1. Brian Greenwood. The Use of Anti-Malarial Drugs to Prevent Malaria in the
Population of Malaria-Endemic Areas. Am. J. Trop. Med. Hyg. 2004;70(1):1–7
2. World Health Organisation. World Malaria Report 2017. Available at http://apps.who.int/iris/bitstream/handle/10665/259492/9789241565523-eng.... Accessed on 19 Oct 2018.
3. World Health Organisation. Guidelines for the treatment of Malaria 3rd Edition 2015. Available at http://apps.who.int/iris/bitstream/handle/10665/162441/9789241549127_eng.... Accessed on 19 Oct 2018.
4. World Health Organisation. Mass Drug Administration for Falciparum Malaria – A Practice Field Manual 2018. Available from http://apps.who.int/iris/bitstream/handle/10665/259367/9789241513104-eng.... Accessed on 28 Oct 2018.
5. Poirot E, Skarbinski J, Sinclair D, Kachur SP, Slutsker L, Hwang J, 2013. Mass drug administration for malaria. Cochrane Database of Systematic Reviews 12: CD008846
6. Gretchen Newby et al. Review of Mass Drug Administration for Malaria and Its Operational Challenges. Am. J. Trop. Med. Hyg., 93(1), 2015, pp. 125–134
7. World Health Organization. 2018. Available at http://www.who.int/malaria/areas/preventive_therapies/pregnancy/en/. Accessed on 26 Oct 2018.
8. Malaria in India. Malaria site. Available at https://www.malariasite.com/malaria-india/. Accessed on 19 Oct 2018.
9. Brisson M, Brisson P. Compliance with Antimalaria Chemoprophylaxis in a Combat Zone. The American Journal of Tropical Medicine and Hygiene. 2012;86(4):587-590.
Competing interests: No competing interests
Dear Authors, I thank you for a comprehensive review of chest drain management.
However, I would like address a few issues:
You suggest that indwelling pleural catheters (IPCs) are used solely in trapped lung and I am not sure what you mean by those ' unable to undergo conventional drainage'. We provide a very comprehensive pleural service, often putting IPCs as a first line treatment for malignant pleural effusion as the alternative is an admission for a number of days and an attempt at talc pleurodesis which has variable success rates(1,2). You suggest that IPCs have a 'high risk of infection' - I do not think this is true. Practice varies massively but infection rates are at the most 10%, and in my centre less than 5%. IPCs are not a hindrance to chemotherapy and most infections are superficial, often responding well to antibiotics in the community and very rarely necessisating removal (1,2). You also suggest pleural fluid sampling, however a caveat needs to be inserted here, that most long standing malignant pleural effusions will have a low pH, the marker of infection and hence the value of that parameter is questionable (3).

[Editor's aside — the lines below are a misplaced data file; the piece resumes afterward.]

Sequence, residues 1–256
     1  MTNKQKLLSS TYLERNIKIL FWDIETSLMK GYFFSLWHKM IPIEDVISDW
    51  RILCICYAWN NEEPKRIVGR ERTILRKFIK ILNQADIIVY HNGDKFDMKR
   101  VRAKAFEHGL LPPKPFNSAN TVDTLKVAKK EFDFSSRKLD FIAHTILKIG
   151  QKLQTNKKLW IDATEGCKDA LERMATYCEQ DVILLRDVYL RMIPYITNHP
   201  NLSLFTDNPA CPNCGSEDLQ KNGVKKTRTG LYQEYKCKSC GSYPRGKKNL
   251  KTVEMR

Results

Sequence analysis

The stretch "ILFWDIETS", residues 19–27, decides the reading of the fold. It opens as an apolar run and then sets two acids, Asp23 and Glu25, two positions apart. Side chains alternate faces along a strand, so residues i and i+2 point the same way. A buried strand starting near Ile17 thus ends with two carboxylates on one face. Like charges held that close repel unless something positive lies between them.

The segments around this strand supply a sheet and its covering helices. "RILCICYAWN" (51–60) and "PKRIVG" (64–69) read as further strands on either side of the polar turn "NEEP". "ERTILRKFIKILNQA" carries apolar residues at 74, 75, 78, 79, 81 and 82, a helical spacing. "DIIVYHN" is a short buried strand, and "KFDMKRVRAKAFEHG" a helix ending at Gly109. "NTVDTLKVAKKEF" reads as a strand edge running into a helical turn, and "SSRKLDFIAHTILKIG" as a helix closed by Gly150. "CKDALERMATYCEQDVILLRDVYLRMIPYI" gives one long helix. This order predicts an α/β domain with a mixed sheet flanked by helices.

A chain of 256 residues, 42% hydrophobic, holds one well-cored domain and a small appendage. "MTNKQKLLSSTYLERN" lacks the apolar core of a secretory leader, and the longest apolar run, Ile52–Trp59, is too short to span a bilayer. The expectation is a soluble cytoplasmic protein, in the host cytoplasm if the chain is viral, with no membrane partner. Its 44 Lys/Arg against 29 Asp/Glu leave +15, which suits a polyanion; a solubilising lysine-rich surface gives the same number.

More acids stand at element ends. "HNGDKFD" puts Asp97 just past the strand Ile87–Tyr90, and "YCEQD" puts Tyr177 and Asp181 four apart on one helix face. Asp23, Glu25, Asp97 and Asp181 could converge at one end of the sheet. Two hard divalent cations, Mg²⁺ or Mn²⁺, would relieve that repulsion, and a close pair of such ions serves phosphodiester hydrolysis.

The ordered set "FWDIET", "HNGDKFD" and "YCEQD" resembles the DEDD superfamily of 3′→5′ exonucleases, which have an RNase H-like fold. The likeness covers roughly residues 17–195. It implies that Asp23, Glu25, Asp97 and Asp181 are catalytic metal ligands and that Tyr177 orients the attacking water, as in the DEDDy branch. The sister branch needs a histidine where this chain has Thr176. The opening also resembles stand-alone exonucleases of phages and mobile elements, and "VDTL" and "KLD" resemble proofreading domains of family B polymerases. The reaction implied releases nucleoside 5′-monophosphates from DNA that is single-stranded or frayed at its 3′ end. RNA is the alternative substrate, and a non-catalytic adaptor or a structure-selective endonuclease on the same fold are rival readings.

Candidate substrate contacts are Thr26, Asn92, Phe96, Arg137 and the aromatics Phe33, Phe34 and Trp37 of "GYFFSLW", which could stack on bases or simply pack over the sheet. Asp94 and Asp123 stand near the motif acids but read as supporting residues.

Furthermore, you suggest that 'In order to gain level one accreditation, trainees must attend a thoracic ultrasound course (BTS or otherwise) and be trained and signed off by a level two trained consultant' : that is not entirely correct. A trainee can be signed off by someone who has been 'level 1 trained' for 2 years. Most practicing consutlants in the North east of England for example are not 'level 2 trained' but provide level 1 supervision and training to a high standard, although this is purely anecdotal as there is no regional or national database of who has been level 1 or level 2 trained. At the recent Pleural Strategic Advisory Group at the Winter British Thoracic Society meeting in London, December 2018, there was an intense discussion about how the curriculum for thoracic ultraound training is changing and level 1 or 2 training is going to be obsolete. As such, we should await the publication which is expected in late 2019
1. https://www.rcpe.ac.uk/sites/default/files/jrcpe_46_1_aujayeb_appendix.pdf (accessed 15/12/2018)
2. https://bmjopenrespres.bmj.com/content/3/1/e000123 (accessed 15/12/2018)
3. https://www.brit-thoracic.org.uk/document-library/clinical-information/p... (accessed 15/12/2018)
Competing interests: No competing interests